A few weeks ago I reviewed Flying Goat Coffee’s Ana Letis Reyes from Honduras. For the most part, the flavor profile was easy to pin from brew to brew.
Tart apple notes with caramel smokiness consistently hit the palate, and overall, it was a satisfyingly dependable coffee to drink.
This week’s review is for the Kenya Kabiruini AA, also roasted Flying Goat Coffee. Also very good, but as you’ll see in the review, I had a very tough time pinpointing the flavor notes.
About Flying Goat Coffee
Flying Goat Coffee got its start more than 20 years ago in Healdsburg, CA and have since opened two additional cafés in Healdsburg and Santa Rosa, CA respectively.
And beyond that, I really wish I could tell you more, but unfortunately I haven’t visited any of their cafés nor was their much information I could draw from online.
Keeping things on the down low. I like it.
About Mathira North Farmers Co-operative Society
Mathira North Farmers Co-operative consists of a number of small family-owned coffee farms with their own small coffee plots. All of the coffee is processed in the Kabiruini factory (milling station) in the region. These particular beans are of the AA class because of their size. AA coffee beans in Kenya are the biggest and often considered to be the best quality. This is up for debate in the worldwide coffee community though.
General Notes and Observations
Speaking of this coffee in general terms was easy. It was the specific descriptions that I got caught up on.
As I mentioned in the video review, I had an atypical experience with this particular Kenyan coffee in that it was earthy up-front and bright at the finish.
I found that brewing on the coarser side worked best with this coffee, as it was easy to over-extract.
Aroma: popcorn, licorice
Roaster tasting notes: cassis, bright, silky
Producers: Mathira North Farmers Co-operative Society
Region: Nyeri, Kenya
Cultivar: SL 28, SL 34
Processing method: Washed
Farm elevation: 1800-2000masl
As I mentioned in the video, I mostly brewed with drip methods like the Kalita Wave. I didn’t get to try it out as espresso, but my sense is that it would have actually done quite nicely given its good balance.
I did most of my brewing with the Kalita Wave during my time spent with this coffee.
I definitely had my fair share of over-extracted cups of coffee, but I tried not to let this deter me from dialing things in.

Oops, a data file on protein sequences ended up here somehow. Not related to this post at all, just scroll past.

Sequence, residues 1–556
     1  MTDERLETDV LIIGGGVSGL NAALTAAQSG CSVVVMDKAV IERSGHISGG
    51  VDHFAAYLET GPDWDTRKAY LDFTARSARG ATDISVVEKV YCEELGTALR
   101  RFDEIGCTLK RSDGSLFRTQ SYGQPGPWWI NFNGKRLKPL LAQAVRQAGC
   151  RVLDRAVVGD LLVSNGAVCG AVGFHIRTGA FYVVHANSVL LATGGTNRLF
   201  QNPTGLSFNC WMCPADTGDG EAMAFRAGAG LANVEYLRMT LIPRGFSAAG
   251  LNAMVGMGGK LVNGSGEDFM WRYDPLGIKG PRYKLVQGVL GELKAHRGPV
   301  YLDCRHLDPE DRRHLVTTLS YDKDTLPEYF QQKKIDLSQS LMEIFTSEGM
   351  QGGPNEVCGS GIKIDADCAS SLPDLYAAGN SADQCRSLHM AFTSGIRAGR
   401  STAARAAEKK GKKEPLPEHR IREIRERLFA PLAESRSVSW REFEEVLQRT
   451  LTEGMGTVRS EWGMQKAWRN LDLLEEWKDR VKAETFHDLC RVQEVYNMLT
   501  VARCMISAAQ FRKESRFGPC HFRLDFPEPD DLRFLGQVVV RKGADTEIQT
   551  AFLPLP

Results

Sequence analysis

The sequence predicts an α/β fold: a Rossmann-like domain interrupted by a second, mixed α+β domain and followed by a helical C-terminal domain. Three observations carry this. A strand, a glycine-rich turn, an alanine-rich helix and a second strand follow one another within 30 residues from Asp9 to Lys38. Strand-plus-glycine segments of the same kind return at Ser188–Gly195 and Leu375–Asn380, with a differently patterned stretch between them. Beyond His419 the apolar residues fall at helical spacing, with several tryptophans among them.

When I did, the result was quite good and quite consistent.
Again, difficult flavor profile to pinpoint, but here were my notes:
Flavor: green apple, red wine, challah
I can’t say that my results varied too much from brew method to brew method. This was a consistent coffee.
The AeroPress did bring out more of the syrupy body in the coffee, but this was to be expected given the higher concentration.
Flavor: berry, earth, tobacco
If you’re new here, you can check out how I rate whole bean coffee here.
As I mentioned, the acidity of this coffee comes out in the backend of the overall flavor profile. It’s a strong berry acidity, but definitely not the focal point of this coffee.
I picked up a challah aftertaste at one point, which is a new one for me. Otherwise, the aftertaste was muted throughout most of the cups I made.
The aroma was a tricky one for me. Hard to rate given the fact that I got these beans pretty far off roast. I’ll leave the score out of this one, but I did pick up some licorice and popcorn elements in the aroma.
This coffee has pretty damn good balance in its flavors, with earthy notes up front and fruity notes at the finish. The only thing that retracts from the score here is the difficulty I had in dialing it in. This coffee was easy to over-extract.
To be completely honest, I didn’t pay as much attention to body as I usually do. I have to leave out a score for this category.
Nice complexity, but hard to articulate all of the coffee’s flavor notes. What made this coffee most interesting to me was the fact that it was earthy up front and bright at the finish. Not common in my experience.
I thought the flavor was good for the most part, but I thought it was just a little bit tart for my taste preferences.
I had problems dialing this one in across a lot of my brews, but the flavor notes were usually pretty consistent.
More tart and smokey than sweet. Rarely bitter.
I didn’t get to pull any shots with this. I also didn’t experiment with enough brew methods to really rate this category.
I’ve been pretty impressed with the coffee coming from Flying Goat, and this is definitely a coffee roaster that I’m excited to check out in person. Healdsburg isn’t too far away, so maybe I’ll make it a weekend trip soon.
I will say that this was my second favorite of the two coffees I’ve tried from Flying Goat so far.
Additionally, this wasn’t a Kenyan coffee that knocked my socks off. This was a surprise considering most Kenyan coffee blows me away.
With that said, this was a very unique coffee given its evolution of flavor from sip to aftertaste. The earthy notes up front helped balance out the high acidity that you often get from Kenyan coffee.
You can order Flying Goat’s Kenya Kabiruini AA directly off their website here.